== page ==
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According to data published by FAO, 15% of the world supply of animal proteins is derived from fish. The demand for fish as food is systematically increasing but at the same time marine resources are close to the limits of exploitation. However, aquaculture which supplies the market with both marine and freshwater fish, is fast developing. Figure 1.1 shows the most important freshwater species in Europe.

Much of the freshwater fish found on Western European markets comes from aquaculture and only very limited quantities of fish are derived from the freshwater fishery; this is due to the poor economics associated with this sector. But it should be stressed that in the Central European countries e.g., in Poland, approximately only 50% of freshwater fish come from aquaculture.

The European market is dominated by the following fish species (Table 1.1):

- rainbow trout (Oncorhynchus mykiss),

- European eel (Anguilla anguilla),

- carp (Cyprinus carpio).

Table 1.1 Freshwater fish production in Europe (excluding former USSR) in 1990, and a forecast for the year 2000 (Hough, 1993)


1990 [t]

2000 [t]


193 000

244 000


99 000

99 000


7 300

23 000


5 800

5 000

Although trout production has doubled in countries of the European Union, to reach 190 000 t in the period 1980-90, the anticipated increase in production by 50 000 t by the year 2000 may testify to a restrained demand market. On the other hand, the increase in eel production is expected to exceed 200%.

Carp is greatly appreciated in Central European countries but only in limited regions of Western Europe.

Italy is the major European producer of eel, but Germany and the Netherlands are the biggest markets. Prices of eel depend on the size of fish (best prices are obtained for fish weighing more than 350 g). As much as 65% of the entire eel production comes from aquaculture, and fish derived from this source is considered more suitable for smoking than the wild fish due to its thinner skin and higher fat content.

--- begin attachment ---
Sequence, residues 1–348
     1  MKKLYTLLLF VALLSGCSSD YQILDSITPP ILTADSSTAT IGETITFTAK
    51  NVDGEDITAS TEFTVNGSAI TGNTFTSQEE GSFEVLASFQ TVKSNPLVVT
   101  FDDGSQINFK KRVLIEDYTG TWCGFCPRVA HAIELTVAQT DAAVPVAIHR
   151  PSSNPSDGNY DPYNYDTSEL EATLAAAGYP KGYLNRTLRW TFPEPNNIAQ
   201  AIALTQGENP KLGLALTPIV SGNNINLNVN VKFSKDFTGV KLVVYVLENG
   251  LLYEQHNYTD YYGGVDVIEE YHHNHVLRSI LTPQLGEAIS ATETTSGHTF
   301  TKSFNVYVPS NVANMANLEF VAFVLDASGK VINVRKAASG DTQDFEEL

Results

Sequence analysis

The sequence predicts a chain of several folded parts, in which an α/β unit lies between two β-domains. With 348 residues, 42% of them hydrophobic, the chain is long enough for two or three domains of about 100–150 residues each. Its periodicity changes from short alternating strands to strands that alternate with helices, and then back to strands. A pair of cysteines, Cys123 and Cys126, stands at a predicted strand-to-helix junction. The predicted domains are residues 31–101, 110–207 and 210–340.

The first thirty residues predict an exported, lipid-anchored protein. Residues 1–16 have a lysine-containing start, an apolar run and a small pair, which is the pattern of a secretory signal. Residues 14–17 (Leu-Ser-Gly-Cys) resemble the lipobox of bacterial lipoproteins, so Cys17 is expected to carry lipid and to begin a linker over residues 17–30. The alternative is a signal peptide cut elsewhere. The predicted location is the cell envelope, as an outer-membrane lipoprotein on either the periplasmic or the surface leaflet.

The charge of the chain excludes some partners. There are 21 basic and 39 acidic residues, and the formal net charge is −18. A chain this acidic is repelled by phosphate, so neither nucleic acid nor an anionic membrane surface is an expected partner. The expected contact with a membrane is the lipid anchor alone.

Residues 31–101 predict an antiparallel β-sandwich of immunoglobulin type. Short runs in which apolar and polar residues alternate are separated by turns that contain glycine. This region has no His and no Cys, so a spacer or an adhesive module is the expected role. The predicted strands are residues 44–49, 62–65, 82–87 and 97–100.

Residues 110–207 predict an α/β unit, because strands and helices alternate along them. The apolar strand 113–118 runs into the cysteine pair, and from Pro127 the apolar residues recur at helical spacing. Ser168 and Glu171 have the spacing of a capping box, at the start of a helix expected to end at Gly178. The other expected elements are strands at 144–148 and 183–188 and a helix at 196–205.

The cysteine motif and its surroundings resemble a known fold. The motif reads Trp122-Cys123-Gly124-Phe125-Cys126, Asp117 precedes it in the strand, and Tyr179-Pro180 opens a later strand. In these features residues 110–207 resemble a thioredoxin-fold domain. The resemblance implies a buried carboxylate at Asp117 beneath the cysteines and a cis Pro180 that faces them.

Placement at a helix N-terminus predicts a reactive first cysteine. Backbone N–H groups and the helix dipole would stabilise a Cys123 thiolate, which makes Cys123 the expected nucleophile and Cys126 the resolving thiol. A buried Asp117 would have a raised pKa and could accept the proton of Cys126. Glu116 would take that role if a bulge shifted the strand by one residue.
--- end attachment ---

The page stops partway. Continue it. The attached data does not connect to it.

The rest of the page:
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Figure 1.1 The most important species of freshwater fish:

1. Rainbow trout (Oncorhynchus mykiss)

2. European eel (Anguilla anguilla)

3. Pike-perch (Stizostedion lucioperca)

4. European perch (Perca fluviatilis)

5. Northern pike (Esox lucius)

6. Wels catfish (Silurus glanis)

7. Mirror carp (Cyprinus carpio var. specularis)

8. Scale carp (Cyprinus carpio var. communis)

9. Freshwater bream (Abramis brama)

10. Roach (Rutilus rutilus)

Until recently, freshwater fish processing was carried out mainly in kitchens at home, in restaurants and in catering centres. Occasionally, fishmonger shops and small fish processing plants produced semi-products in rudimentary conditions and placed them on the market. However, changing requirements and habits of customers in Europe created the need for an increased market supply of ready-to-cook (e.g., fillets, chunks) or ready-to-serve dishes. This trend will intensify and, if they are not to lose the market, the existing processing plants will have to be modernized. The modernization should improve economies, simplify work and, most important, improve sanitary conditions of production. The introduction of modern machines results in the growth of productivity and reduction of employment; it shortens the duration of technological processes, and makes it easier to prepare more laborious but, at the same time, more attractive products for the consumer.

However, mechanization of the processing lines is very costly, especially for small plants processing freshwater fish. In these cases, mechanization of freshwater fish processing would be limited to that equipment needed to maintain the market and meet the basic sanitary requirements imposed by the competent authorities. In addition to infrastructure and the necessary machines - for example, ice generators, washers, smoking equipment, freezers, cold stores - small processing plants could, within reason, also acquire simple, inexpensive machines which often only perform one operation.

During the Eighteenth Session of the Advisory Board of the FAO European Inland Fisheries Commission, held in Rome in 1994, it was noted with satisfaction that needs for high quality freshwater fish products are growing, especially in the more affluent countries. The Commission made important recommendations for inland fisheries, among which:

- elaboration and distribution of publications on existing technologies of fish processing and marketing, with special regard to species of the Cyprinidae family

- arrangement of aid concerning the elaboration of new technologies for producing high quality fish products.

The problems related to freshwater fish processing are not sufficiently reflected in the scientific literature. Here, an effort was made to collect the information, often based on the authors' experience or technological processes used, and on the possibilities and trends in the mechanization of freshwater fish processing, with special regard to the Cyprinidae family.

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